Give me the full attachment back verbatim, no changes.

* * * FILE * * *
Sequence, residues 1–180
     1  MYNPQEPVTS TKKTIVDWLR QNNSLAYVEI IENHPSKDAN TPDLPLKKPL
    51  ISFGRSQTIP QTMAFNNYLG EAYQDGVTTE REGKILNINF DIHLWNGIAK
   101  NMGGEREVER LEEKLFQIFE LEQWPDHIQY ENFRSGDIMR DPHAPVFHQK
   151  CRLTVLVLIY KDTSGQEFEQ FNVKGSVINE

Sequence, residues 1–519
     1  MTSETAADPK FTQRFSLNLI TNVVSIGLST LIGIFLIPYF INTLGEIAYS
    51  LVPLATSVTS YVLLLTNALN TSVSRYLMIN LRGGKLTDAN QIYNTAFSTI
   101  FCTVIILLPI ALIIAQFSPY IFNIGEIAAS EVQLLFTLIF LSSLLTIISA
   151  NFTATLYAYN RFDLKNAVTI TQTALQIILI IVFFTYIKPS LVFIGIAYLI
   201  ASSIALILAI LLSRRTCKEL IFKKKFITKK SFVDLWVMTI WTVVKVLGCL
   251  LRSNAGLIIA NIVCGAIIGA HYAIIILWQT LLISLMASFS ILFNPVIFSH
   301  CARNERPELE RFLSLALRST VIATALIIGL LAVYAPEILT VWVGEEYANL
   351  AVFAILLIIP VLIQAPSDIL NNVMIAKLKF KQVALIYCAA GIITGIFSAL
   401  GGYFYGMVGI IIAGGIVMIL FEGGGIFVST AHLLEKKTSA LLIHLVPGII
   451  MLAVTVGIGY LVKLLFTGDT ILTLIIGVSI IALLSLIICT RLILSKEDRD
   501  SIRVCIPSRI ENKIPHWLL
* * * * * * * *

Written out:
Sequence, residues 1–180
     1  MYNPQEPVTS TKKTIVDWLR QNNSLAYVEI IENHPSKDAN TPDLPLKKPL
    51  ISFGRSQTIP QTMAFNNYLG EAYQDGVTTE REGKILNINF DIHLWNGIAK
   101  NMGGEREVER LEEKLFQIFE LEQWPDHIQY ENFRSGDIMR DPHAPVFHQK
   151  CRLTVLVLIY KDTSGQEFEQ FNVKGSVINE

Sequence, residues 1–519
     1  MTSETAADPK FTQRFSLNLI TNVVSIGLST LIGIFLIPYF INTLGEIAYS
    51  LVPLATSVTS YVLLLTNALN TSVSRYLMIN LRGGKLTDAN QIYNTAFSTI
   101  FCTVIILLPI ALIIAQFSPY IFNIGEIAAS EVQLLFTLIF LSSLLTIISA
   151  NFTATLYAYN RFDLKNAVTI TQTALQIILI IVFFTYIKPS LVFIGIAYLI
   201  ASSIALILAI LLSRRTCKEL IFKKKFITKK SFVDLWVMTI WTVVKVLGCL
   251  LRSNAGLIIA NIVCGAIIGA HYAIIILWQT LLISLMASFS ILFNPVIFSH
   301  CARNERPELE RFLSLALRST VIATALIIGL LAVYAPEILT VWVGEEYANL
   351  AVFAILLIIP VLIQAPSDIL NNVMIAKLKF KQVALIYCAA GIITGIFSAL
   401  GGYFYGMVGI IIAGGIVMIL FEGGGIFVST AHLLEKKTSA LLIHLVPGII
   451  MLAVTVGIGY LVKLLFTGDT ILTLIIGVSI IALLSLIICT RLILSKEDRD
   501  SIRVCIPSRI ENKIPHWLL